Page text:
The Master of Science program in Advanced Manufacturing and Enterprise Engineering (M.S. in AMEE) is designed to offer an opportunity to individuals for continued study toward positions of leadership in industry and academia and for continuing technical education in a more specialized area.
Graduates of this program will have the fundamental knowledge and understanding of the operational complexity of enterprises, manufacturing and business process improvement/optimization, and integrated product/process/system design.
In addition, graduates will have the cognitive skills to critically evaluate the potential benefits of alternative manufacturing strategies; to use virtual/simulated platforms to facilitate and improve business processes; and to analyze enterprise systems as systems of interacting units, components, and subsystems.
The program offers a thesis option and a non-thesis option.
Why pursue a Masters in Advanced Manufacturing and Enterprise Engineering?
As lean thinking, enterprise process re-engineering, and digital manufacturing are becoming more prevalent in the work place, engineering students need to be prepared to design and analyze the enterprise as a holistic system of technology, decision-making processes, and cultural components.
Advanced Manufacturing, as the core component of enterprise systems, encompasses effective and efficient integration and synthesis of automation technologies, human resources, and decision-making models that facilitate design, planning, scheduling, and control of production of goods and provision of services. Enterprise Engineering is defined as the body of knowledge, principles, and practices having to do with the analysis, design, implementation and operation of an enterprise.
The MS in AMEE is truly an interdisciplinary program founded on the strong collaboration of the Departments of Mechanical Engineering, Electrical and Computer Engineering, Information Systems and Technology Management, Management Science and Statistics, and Computer Science and the Center for Advanced Manufacturing and Lean Systems (CAMLS). Graduate students are exposed to research problems through interaction with the industry members of CAMLS and its state-of-the-art laboratory facilities.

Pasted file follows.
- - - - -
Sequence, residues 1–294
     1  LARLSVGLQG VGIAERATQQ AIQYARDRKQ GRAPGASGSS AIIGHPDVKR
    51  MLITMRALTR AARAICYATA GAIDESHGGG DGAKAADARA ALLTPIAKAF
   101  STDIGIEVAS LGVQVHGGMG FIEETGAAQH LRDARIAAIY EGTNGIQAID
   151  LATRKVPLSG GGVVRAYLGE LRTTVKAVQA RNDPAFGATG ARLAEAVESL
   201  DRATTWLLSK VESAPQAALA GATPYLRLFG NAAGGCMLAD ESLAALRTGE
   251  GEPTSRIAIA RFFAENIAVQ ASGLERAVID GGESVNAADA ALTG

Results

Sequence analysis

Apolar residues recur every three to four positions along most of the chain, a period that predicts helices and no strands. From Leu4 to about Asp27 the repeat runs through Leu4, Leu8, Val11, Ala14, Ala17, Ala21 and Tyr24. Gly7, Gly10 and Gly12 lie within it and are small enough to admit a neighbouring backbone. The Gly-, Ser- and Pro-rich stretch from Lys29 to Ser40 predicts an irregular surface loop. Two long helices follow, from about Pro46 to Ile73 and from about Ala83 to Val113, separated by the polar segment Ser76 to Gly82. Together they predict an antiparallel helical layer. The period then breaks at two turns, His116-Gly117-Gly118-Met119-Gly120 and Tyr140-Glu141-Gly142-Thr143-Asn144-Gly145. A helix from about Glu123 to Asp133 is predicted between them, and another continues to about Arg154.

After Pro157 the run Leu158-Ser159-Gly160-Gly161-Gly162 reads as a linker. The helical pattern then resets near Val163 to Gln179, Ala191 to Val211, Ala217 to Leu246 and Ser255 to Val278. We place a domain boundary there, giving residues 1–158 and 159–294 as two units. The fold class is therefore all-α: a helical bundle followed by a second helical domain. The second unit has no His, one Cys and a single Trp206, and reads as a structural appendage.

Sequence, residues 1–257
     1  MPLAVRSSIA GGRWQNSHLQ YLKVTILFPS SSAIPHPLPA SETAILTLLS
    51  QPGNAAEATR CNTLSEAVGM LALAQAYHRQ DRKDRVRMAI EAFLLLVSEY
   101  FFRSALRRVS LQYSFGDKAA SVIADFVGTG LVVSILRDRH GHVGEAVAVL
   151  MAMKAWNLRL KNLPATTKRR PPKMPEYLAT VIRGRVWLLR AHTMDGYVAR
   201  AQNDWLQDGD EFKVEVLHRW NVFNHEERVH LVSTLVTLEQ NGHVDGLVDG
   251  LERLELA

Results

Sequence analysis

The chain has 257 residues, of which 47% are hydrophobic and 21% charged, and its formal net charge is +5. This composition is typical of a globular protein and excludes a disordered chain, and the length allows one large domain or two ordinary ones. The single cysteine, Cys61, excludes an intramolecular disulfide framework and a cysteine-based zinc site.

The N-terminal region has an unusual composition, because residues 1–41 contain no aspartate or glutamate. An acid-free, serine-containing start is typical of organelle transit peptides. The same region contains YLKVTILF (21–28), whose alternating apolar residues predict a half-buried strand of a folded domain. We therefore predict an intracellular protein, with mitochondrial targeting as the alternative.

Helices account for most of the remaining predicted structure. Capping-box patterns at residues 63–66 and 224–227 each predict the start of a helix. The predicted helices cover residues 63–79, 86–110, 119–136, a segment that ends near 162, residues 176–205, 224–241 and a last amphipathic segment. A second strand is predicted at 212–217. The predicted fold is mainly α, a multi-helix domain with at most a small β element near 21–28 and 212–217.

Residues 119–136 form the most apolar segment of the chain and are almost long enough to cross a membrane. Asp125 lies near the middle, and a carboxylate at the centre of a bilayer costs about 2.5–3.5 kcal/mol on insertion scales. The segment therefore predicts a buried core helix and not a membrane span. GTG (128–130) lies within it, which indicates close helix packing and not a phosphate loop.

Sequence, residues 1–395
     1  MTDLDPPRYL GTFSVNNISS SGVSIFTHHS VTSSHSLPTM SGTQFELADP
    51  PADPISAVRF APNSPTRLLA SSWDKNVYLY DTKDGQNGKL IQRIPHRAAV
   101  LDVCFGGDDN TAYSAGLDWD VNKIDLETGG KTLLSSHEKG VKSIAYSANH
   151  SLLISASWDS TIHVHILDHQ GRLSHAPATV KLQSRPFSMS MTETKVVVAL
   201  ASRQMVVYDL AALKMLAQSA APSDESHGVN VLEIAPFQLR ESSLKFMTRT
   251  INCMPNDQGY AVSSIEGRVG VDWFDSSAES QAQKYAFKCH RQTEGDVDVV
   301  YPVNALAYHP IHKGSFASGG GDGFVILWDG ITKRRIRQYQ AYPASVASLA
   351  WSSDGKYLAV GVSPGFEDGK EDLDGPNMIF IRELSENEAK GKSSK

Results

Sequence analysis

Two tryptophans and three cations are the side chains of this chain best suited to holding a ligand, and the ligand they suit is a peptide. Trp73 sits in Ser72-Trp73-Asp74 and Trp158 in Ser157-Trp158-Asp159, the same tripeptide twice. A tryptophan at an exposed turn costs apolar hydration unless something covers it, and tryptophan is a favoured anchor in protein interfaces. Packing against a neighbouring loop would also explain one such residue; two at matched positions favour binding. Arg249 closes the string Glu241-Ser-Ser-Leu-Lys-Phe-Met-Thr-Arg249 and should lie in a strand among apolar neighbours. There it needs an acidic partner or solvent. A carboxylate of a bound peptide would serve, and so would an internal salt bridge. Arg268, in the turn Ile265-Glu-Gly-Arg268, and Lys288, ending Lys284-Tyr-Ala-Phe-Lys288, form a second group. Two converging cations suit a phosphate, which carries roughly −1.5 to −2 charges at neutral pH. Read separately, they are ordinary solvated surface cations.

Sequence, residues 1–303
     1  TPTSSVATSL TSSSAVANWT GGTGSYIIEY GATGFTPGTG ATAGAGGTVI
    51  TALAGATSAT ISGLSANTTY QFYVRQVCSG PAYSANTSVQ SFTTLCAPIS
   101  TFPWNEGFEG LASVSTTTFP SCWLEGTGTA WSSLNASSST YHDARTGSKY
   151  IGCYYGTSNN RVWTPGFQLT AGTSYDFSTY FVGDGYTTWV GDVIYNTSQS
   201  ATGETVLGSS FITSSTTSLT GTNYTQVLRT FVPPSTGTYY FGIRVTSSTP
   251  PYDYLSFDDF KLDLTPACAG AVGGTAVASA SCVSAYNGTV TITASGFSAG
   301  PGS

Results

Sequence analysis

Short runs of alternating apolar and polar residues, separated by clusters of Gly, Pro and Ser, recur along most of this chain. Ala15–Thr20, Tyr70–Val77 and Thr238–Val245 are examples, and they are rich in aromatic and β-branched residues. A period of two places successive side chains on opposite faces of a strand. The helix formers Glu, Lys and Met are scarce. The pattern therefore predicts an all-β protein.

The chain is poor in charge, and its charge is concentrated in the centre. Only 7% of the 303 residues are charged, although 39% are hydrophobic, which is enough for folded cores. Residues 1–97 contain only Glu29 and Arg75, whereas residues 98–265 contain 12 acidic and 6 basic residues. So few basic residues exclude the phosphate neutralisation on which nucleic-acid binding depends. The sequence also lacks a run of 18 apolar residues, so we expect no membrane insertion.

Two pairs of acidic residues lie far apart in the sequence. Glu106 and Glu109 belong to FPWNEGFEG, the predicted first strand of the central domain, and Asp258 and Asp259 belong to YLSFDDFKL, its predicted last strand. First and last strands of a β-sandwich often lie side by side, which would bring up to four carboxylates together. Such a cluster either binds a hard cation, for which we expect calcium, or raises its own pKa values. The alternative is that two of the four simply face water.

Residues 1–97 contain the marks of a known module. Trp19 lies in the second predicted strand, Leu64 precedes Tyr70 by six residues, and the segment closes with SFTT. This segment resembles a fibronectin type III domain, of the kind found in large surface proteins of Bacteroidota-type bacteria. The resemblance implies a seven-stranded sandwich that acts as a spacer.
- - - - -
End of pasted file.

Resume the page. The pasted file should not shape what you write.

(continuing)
The minimum number of semester credit hours required for the degree is 30 for the thesis option and 33 for the non-thesis option.
Courses offered for the graduate programs of these collaborating departments complement the MS in AMEE program in the form of elective courses. Through core and a variety of elective courses, students can customize their program of study according to their specific needs, professional development related goals, and career objectives in consultation with the Graduate Advisor of Record (GAR), as well as their thesis advisor and thesis committee.
Please visit the Graduate Catalog for the most up-to-date information on this degree plan/requirements.
Please visit the Graduate Admissions Deadline page for a list of application deadlines.
Applicants must meet University-wide graduate admission requirements as outlined in Chapter 1, Admission, of the UTSA Graduate Catalog. Applicants must also comply with general University regulations as outlined in Chapter 2, General Academic Regulations, and Chapter 4, Master’s Degree Regulations, of the UTSA Graduate Catalog.
Due to the multidisciplinary nature of the program, the Graduate Advisor of Record (GAR), in consultation with the Mechanical Engineering Graduate Program Committee and the Department Chair, will evaluate each student’s transcript and determine any course deficiencies on a case-by-case basis. Students admitted with course deficiencies will be required to take additional courses within their Program of Study to make up the deficiencies. Courses taken to make up deficiencies may not count toward the graduate degree.